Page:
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Northern Gulf of Mexico Hypoxic Zone

2014 Forecast: Summer Hypoxic Zone Size, Northern Gulf of Mexico

The National Oceanic and Atmospheric Administration (NOAA) and the Louisiana Universities Marine Consortium (LUMCON) released their forecast for the summer Hypoxic Zone Size in the Northern Gulf of Mexico on June 24, 2014. You can find the full forecast document on the LUMCON Shelfwide Cruise 2014 website and a press release from NOAA here

Scientists are expecting an average, but still large, hypoxic or "dead zone" in the Gulf of Mexico this year. NOAA-supported modeling is forecasting this year's Gulf of Mexico hypoxic zone to cover an area ranging from about 4,633 to 5,708 square miles (12,000 to 14,785 square kilometers) or about the size of the state of Connecticut. The Annual Shelfwide Cruise will take place July 26 - August 3, 2014.

Measuring the Hypoxic Zone

The hypoxic zone in the northern Gulf of Mexico is an area along the Louisiana-Texas coast, where water near the bottom of the Gulf contains less than 2 parts per million of dissolved oxygen, causing a condition referred to as hypoxia.

Each summer, the size of the hypoxic zone is measured. The size of the zone is an important indicator of how much progress is being made to reduce nutrient inputs into the Gulf of Mexico. Sometimes the size of the zone is influenced by other factors, such as droughts or hurricanes that can reduce the size of the zone, or floods that can increase the size.

Information about the size of the hypoxic zone can be obtained from NOAA’s Gulf of Mexico Hypoxia Watch and the Louisiana Universities Marine Consortium (LUMCON), which is supported by NOAA’s NGOMEX.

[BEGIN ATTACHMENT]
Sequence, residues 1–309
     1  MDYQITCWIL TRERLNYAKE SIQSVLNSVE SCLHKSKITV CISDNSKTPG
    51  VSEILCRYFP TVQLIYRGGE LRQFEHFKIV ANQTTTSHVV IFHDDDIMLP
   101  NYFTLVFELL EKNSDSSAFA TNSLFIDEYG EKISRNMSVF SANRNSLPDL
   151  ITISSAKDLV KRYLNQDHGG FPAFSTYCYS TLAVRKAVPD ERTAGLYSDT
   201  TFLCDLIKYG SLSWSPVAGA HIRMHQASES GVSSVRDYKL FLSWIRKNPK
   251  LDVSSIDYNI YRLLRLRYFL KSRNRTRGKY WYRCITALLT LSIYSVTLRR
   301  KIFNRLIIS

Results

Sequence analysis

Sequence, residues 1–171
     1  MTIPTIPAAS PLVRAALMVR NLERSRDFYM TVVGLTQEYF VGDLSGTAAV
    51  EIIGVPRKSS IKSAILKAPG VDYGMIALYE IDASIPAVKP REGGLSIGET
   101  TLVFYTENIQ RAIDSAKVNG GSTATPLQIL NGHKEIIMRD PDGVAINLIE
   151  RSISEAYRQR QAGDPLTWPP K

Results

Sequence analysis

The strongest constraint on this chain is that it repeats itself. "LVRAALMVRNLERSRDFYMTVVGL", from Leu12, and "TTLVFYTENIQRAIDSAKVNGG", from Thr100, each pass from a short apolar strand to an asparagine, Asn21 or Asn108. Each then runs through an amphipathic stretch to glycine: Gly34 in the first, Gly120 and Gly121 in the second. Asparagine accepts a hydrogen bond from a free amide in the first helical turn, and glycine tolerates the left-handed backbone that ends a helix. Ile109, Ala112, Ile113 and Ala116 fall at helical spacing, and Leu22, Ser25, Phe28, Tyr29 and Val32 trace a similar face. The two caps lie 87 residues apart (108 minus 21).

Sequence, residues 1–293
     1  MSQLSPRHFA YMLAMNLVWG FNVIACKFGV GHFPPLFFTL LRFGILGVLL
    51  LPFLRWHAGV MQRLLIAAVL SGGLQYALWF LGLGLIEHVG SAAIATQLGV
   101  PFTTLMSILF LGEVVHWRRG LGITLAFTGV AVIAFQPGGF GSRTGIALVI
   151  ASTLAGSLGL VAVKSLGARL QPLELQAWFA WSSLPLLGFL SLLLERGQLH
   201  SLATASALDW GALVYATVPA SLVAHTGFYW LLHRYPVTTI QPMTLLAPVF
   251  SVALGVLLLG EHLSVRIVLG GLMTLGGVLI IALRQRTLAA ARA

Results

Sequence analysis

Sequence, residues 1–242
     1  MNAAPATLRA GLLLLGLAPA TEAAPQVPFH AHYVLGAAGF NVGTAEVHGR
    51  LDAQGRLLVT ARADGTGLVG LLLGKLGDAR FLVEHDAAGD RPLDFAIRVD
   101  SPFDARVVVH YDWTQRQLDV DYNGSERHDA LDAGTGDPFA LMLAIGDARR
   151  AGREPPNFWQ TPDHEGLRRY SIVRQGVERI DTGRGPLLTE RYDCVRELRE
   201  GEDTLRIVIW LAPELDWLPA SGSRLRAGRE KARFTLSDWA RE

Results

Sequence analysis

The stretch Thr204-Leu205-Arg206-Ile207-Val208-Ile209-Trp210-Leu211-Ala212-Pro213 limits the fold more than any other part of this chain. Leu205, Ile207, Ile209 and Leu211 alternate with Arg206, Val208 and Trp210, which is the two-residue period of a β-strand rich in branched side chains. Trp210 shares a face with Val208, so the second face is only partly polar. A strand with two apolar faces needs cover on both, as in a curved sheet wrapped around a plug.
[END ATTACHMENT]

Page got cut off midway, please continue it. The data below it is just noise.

The Gulf of Mexico Hypoxia Watch evolved as a cooperative project among NOAA’s National Marine Fisheries Service (NMFS), the National Coastal Data Development Center (NCDDC), and the CoastWatch - Caribbean/Gulf of Mexico - Regional Node. The objective of Hypoxia Watch is to develop new near-real time data and map products using shipboard measurements of bottom-dissolved oxygen and disseminate them over the Internet. Access measurements taken from 2001 to the current season.

2013 Hypoxic Zone

The 2013 area of low oxygen in the Gulf of Mexico, commonly known as the hypoxic zone or ‘Dead Zone,’ was 15,120 square kilometers (= 5,800 square miles), which was smaller than predicted. Researchers suggest that winds may have contributed to more mixing and a smaller zone measurement. The size of this year’s hypoxic zone is about double the measured size of the zone in 2012, when summer drought conditions in the Mississippi River Basin contributed to greatly reduced nutrient outputs into the Gulf of Mexico. This year’s zone of oxygen-depleted bottom-water was above both the long-term average and also the five-year average.

Gulf Hypoxic Zone 1985-2013

Size of the Gulf of Mexico hypoxic zone from 1985 to 2013. Source: N. Rabalais
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2013 Hypoxic Zone Measurements

2013 Hypoxic Zone Measurements.
Source: NOAA Gulf of Hypoxia Watch
Click to see larger image


The following links provide information regarding the 2012 hypoxic zone and relation to the Summer 2012 drought:

NOAA scientists: Midwest drought brings fourth smallest Gulf of Mexico 'Dead Zone' since 1985 Exit EPA Disclaimer

Louisiana University Marine Consortium Shelfwide Cruise 2012 Website Exit EPA Disclaimer

Louisiana University Marine Consortium Shelfwide Cruise 2012 Press Release (4pp, 563K, About PDF)

The New York Times Green Blog: Big Drought Makes for a Small 'Dead Zone' Exit EPA Disclaimer

Hypoxic Zone over the Years

The Flash animation below shows a comparison of how the hypoxic zone has changed over the last 5 years (2009 to 2013).

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Graphic created from hypoxic zone measurements available from NOAA Gulf of Hypoxia Watch.

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